In America, working people can still be HOMELESS!

by Staff writer

Life in America is not that rosy for all.

The combination of soaring real-estate prices and stagnant family incomes is squeezing New York’s working class to poverty, the 
Wall Street Journal reports.

According to a WSJ report, rents surged nearly 20% in real dollars from 2000 to 2014, while household income decreased by 6.3%.

The number of people living in New York City shelters skyrocketed to more than 60,000 late last year, up from 31,009 in 2002.

Ms. Morgan is one of thousands of people in New York City who work but are homeless.

Many are employed in low-paying jobs in the service industry that are crucial to keeping the New York economy humming.

About 13.5% of jobs in the city pay minimum wage, according to an estimate from the Comptroller’s office, or $11 an hour for workers at businesses of at least 11 employees.

“I’m working from 8 to 8, 12 hours a day, but I can’t afford the rent,” says Ms. Morgan, who works two jobs and earns about $2,100 a month. “Simple as that.”

It isn’t just a New York problem. Other cities, particularly in high-rent areas in California, are spending more to fight homelessness.

In Los Angeles, the number of homeless individuals rose 11% to 28,000 last year. Although they don’t keep data on the percentage of homeless who are employed, city officials said they believed a sizable number of working poor in the city have begun living in cars or in shelters.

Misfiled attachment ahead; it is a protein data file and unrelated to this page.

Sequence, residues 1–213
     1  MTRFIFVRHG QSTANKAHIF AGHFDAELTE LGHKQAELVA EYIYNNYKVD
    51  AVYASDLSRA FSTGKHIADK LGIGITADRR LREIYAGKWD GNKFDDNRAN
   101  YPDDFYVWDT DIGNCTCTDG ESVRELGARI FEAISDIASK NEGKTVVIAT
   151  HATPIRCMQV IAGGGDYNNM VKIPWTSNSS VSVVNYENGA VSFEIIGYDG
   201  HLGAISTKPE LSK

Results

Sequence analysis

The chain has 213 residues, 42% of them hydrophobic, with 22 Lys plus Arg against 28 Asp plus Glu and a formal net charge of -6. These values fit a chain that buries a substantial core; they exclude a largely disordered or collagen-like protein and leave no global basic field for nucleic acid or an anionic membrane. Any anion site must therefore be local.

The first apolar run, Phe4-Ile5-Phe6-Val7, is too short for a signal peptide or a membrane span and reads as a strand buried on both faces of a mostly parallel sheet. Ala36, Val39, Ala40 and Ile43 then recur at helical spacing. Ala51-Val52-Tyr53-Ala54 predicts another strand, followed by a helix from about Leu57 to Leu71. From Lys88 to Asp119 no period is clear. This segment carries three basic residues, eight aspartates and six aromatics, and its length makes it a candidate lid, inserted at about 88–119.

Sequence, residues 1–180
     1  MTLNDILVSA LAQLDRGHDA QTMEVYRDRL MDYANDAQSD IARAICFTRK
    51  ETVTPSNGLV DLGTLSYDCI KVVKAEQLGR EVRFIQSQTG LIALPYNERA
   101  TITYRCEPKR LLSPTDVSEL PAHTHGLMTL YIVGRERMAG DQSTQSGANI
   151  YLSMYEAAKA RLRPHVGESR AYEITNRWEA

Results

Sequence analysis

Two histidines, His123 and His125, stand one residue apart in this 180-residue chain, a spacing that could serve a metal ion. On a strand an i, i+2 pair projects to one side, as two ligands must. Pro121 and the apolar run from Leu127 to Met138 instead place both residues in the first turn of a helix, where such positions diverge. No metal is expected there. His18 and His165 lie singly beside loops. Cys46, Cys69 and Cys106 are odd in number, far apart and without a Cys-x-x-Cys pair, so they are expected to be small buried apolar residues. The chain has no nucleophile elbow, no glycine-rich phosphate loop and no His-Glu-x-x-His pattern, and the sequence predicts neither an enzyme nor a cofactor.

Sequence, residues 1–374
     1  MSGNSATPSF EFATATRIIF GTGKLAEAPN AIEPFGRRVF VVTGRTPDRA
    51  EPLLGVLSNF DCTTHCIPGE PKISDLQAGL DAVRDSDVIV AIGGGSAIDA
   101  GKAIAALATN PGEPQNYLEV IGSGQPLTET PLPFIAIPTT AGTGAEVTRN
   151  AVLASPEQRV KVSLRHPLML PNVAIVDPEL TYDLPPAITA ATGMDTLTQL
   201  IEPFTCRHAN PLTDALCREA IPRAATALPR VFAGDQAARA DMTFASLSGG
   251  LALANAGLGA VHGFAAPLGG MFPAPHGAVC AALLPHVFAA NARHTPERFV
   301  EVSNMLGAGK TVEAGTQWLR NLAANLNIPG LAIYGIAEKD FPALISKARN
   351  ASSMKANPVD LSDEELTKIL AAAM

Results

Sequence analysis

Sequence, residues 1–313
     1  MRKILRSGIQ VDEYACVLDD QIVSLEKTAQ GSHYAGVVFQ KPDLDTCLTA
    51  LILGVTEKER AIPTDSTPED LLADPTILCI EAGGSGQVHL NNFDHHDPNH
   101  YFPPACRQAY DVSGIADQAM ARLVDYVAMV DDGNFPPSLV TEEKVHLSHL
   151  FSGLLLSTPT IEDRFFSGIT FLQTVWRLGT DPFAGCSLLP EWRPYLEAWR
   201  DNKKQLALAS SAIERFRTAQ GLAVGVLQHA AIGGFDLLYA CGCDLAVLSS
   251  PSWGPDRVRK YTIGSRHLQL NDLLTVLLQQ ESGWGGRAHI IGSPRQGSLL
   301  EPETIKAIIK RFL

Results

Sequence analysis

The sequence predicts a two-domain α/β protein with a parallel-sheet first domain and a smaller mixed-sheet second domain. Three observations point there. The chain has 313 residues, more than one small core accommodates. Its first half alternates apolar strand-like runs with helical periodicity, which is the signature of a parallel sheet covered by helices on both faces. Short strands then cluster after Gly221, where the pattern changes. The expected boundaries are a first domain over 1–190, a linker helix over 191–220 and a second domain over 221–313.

“When I first began representing homeless people years ago it was rare,” said Steven Banks, who oversees the city’s homeless programs as commissioner of its Human Resources Administration.

“Now, working families constitute a significant part of the shelter system.”

As rents soar in low-income neighborhoods such as East New York in Brooklyn, a place once thought to be immune to the forces of gentrification, the working poor who could once afford housing there suddenly are finding it out of reach.

The math is dizzying: Some 865,000 New York City households earned $25,000 or less annually in 2014—a group that can afford about $613 a month in rent and utilities, according to the city.

In 1999, there were about 18,000 apartments on the market at or below that rent.

In 2014, as homelessness surged, there were 2,662, city data show.

“For every apartment available at $1,000 there are 10 families looking,” said Lilliam Barrios-Paoli, a former deputy mayor under Mayor Bill de Blasio who oversaw homelessness before she resigned in 2015.

“If you make minimum wage, where do you live?”

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